480 Codorus Street is the first book of three. It is an autobiography of the trials and tribulations of a young Negro girl who grew up in York, Pennsylvania in the 1950s and 1960s. This book covers a period of time from Sandra's birth to becoming an adult. It is a story of Sandra Lee Kearse-Stockton's own life of encouragement and heroism. This is not a book of fiction but a book to challenge those who may be at their lowest point and in their darkest place, from domestic violence, sexual assault, and or death, to pull on their inner strength and survive whatever they are going through. Readers, this book tells the story about how America was during that time. Abuse of women and children was almost the norm in black neighborhoods. Men felt that they owned their wives and children; they were property to many men. The police did not intervene on behalf of women and children. They had no defense.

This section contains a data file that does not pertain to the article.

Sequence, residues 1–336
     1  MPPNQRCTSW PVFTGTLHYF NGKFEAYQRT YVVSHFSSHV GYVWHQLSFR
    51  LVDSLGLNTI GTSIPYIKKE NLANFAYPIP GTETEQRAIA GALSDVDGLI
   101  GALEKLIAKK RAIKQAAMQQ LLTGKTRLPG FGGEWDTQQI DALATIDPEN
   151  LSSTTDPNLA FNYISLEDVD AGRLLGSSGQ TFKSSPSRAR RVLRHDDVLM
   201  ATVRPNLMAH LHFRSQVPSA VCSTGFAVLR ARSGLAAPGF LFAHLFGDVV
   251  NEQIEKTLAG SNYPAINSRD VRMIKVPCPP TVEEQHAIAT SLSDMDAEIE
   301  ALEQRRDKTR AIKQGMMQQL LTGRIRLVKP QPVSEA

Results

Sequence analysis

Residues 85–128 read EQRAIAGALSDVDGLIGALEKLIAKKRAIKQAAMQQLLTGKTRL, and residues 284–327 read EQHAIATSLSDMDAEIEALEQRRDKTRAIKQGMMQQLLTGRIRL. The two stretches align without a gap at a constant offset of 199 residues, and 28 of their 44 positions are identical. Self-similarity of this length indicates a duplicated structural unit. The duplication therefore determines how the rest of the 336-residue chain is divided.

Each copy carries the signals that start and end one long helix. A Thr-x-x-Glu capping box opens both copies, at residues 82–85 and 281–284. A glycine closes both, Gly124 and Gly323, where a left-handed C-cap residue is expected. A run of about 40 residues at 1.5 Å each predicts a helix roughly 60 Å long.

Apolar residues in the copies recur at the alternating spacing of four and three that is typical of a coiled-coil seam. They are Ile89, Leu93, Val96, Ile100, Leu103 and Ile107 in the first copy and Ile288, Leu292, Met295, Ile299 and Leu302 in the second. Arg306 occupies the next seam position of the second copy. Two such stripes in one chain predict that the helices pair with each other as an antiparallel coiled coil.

In this book Sandra shares her hidden scars with the reader. She looks back and reflects upon her life, the assumptions she made about her life and her family. How does one draw the line between punishment and abuse, forgiveness and mercy, justice ad fairness? Sandra's struggle to forgive her father is overwhelming to the point that when she hears his name, her anger comes to the forefront of her deepest mental and psychological memories, which forces her to relieve the past abuse that happened at 480 Codorus Street in the 1950s.